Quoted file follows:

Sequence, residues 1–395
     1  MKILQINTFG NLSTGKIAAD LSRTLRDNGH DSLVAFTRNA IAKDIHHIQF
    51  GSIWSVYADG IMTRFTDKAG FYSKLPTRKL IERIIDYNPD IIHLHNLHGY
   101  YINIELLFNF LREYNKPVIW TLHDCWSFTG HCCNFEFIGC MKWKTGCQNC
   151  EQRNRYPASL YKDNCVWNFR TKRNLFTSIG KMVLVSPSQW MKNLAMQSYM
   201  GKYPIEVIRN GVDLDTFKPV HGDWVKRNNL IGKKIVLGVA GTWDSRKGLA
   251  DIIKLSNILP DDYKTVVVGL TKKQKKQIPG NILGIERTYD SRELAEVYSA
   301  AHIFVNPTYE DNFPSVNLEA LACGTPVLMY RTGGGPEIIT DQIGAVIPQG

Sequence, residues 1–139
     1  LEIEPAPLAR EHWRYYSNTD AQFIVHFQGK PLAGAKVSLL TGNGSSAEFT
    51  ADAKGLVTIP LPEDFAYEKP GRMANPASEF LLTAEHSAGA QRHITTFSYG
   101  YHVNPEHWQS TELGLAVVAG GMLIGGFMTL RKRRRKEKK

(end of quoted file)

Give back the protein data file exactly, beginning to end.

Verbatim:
Sequence, residues 1–395
     1  MKILQINTFG NLSTGKIAAD LSRTLRDNGH DSLVAFTRNA IAKDIHHIQF
    51  GSIWSVYADG IMTRFTDKAG FYSKLPTRKL IERIIDYNPD IIHLHNLHGY
   101  YINIELLFNF LREYNKPVIW TLHDCWSFTG HCCNFEFIGC MKWKTGCQNC
   151  EQRNRYPASL YKDNCVWNFR TKRNLFTSIG KMVLVSPSQW MKNLAMQSYM
   201  GKYPIEVIRN GVDLDTFKPV HGDWVKRNNL IGKKIVLGVA GTWDSRKGLA
   251  DIIKLSNILP DDYKTVVVGL TKKQKKQIPG NILGIERTYD SRELAEVYSA
   301  AHIFVNPTYE DNFPSVNLEA LACGTPVLMY RTGGGPEIIT DQIGAVIPQG

Sequence, residues 1–139
     1  LEIEPAPLAR EHWRYYSNTD AQFIVHFQGK PLAGAKVSLL TGNGSSAEFT
    51  ADAKGLVTIP LPEDFAYEKP GRMANPASEF LLTAEHSAGA QRHITTFSYG
   101  YHVNPEHWQS TELGLAVVAG GMLIGGFMTL RKRRRKEKK